You can’t outrun your fork, but you can dig your own grave with it. Weight loss tactics are one of the most talked about in America, and it’s because two-thirds of the country is either overweight or obese. Anyone who has tried to lose weight will know there are two main drivers to their destination: diet and exercise. But which one works best? This breakdown should help weight loss hopefuls attain their goals.

Quality Trumps Quantity

The question yields a multifaceted answer. The most effective way to initially lose weight is trimming calories from your diet. You can go to the gym an hour a day every day, but if you’re eating 2,000 calories of unhealthy, nutrition-empty food, then you’re wasting your time. No one is saying the key to weight loss is being hungry, but according to the U.S. Department of Agriculture (USDA), “Americans at the beginning of the 21st century are consuming more food and several hundred more calories per person per day than did their counterparts in the late 1950s.” Not only is there a problem with the amount of calories an individual eats, but also the quality of the calories.

Last year, the USDA reported we’re eating 25 percent more fresh fruit, 54 percent more fresh vegetables, and there's been a rise in organic food sales. But the increase in consumption doesn't mean we've been preparing our fruits and veggies heathily. Sure, we’re eating more vegetables, but we’re pouring 1,000 milligrams of salt onto them and drenching them with oil before they’re dipped into the fryer. When we do eat our veggies, it’s usually potatoes or tomatoes that have morphed into the form of French fries or pizza. Conversely, the foods you want in your system are dark green and orange veggies like spinach, carrots, and sweet potatoes. But they only make up 10 percent of our diet.

The at-home spending patterns of the average American are far from meeting the standards the USDA recommends. They say to spend 16 percent of our budget on fruit, and instead we invest 17 percent of our food-shopping money into refined grains — three times what we should. They say spend less than one percent on sugary treats, and we up the ante by spending 14 percent of our budget on sweets.

Dieting isn’t just about trimming calories off your daily intake; it’s more about the types of foods you’re eating. Most people hear the word diet, and they think it's calorie cutting with sad, uncomforting foods like plain salad leaves and flavorless grilled chicken for dinner every day. That’s an extreme that you don’t have to chain yourself to and most dieticians won't ask of you. Instead, commit to healthy foods in a variety of colors and high fibers with charred flavors and sautéed seasonings to engage and train your palate.

USDA Recommended Food Choices
Americans aren't fulfilling the USDA's recommended food quantities. Photo courtesy of the USDA

Exercise Caution

More than 80 percent of people who lose weight regain all or most of it back within two years. Losing weight with diet alone is a trap nearly everyone falls into. Not only are you backtracking, but you’re also hurting your self-esteem so much more than you could have before. You've accomplished something you might’ve thought was nearly impossible by losing 10, 20, or 50 pounds, but now you’ve disappointed yourself all over again. Not only that, but researchers also say you’re likely to gain it all back and more than you first lost within four to five years.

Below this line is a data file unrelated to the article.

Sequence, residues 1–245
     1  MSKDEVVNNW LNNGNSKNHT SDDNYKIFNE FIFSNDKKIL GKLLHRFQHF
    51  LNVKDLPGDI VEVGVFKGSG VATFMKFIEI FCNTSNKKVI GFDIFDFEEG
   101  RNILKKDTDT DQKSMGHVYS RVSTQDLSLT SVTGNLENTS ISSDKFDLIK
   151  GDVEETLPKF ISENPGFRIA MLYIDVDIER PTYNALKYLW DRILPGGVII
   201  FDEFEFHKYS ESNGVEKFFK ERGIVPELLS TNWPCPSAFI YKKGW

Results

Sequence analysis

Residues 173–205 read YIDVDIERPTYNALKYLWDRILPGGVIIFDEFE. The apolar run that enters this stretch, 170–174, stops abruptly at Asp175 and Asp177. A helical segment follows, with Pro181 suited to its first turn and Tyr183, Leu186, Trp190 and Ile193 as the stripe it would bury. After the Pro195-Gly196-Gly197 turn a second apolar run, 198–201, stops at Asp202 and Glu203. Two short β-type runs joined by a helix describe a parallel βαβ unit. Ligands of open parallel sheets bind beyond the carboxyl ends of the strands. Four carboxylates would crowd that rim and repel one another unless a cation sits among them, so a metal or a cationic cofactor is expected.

"You can initially lose five to 10 percent of your weight on any number of diets, but then the weight comes back," study’s lead author Traci Mann, UCLA associate professor of psychology said in a press release. "We found that the majority of people regained all the weight, plus more. Sustained weight loss was found only in a small minority of participants, while complete weight regain was found in the majority. Diets do not lead to sustained weight loss or health benefits for the majority of people."

This is where exercise steps (or runs) in to save the day. An overwhelming majority of people who experienced success lost 10 percent of their body weight in the past year by using weight loss practices such as physical activity nearly every day. The challenge is keeping it off, not losing it. Virtually anyone can lose weight, but not everyone can maintain weight loss with healthy consistency.

Permanency resides where persistence begins. Exercise creates a daily rhythm and changes a person’s habits, which eventually leads them to a long-term lifestyle. No matter what you need to eat at every meal each day, it all depends on what you choose to eat. What’s different about exercise is you either do it or you don’t. Diets provide degree improvements where exercise constructs new habits. Ninety percent of those who were able to successfully keep their weight off exercised for one hour every day. Many of those people also ate breakfast every day weighed themselves regularly and watched less than 10 hours of television each week.

For decades, Americans have searched desperately for the single trick that’ll open up the door to their perfect body. When it comes to diet versus exercise, it’s never one or the other when you’re talking long-term success. Sure, if you rely on diet alone to lose weight for a wedding, for example, you can. But after you walk down the aisle, the odds are stacked against you you’ll be able to keep the weight off past the honeymoon.

Our bodies are machines, and if you pour low quality fuel into the tank, the engine won’t run as well. The secret is as simple as that. It is in the application of this stalwart analogy that makes it difficult for most. So do yourself a favor, grab yourself a pair of sneakers and a gym membership to go along with your salad fork.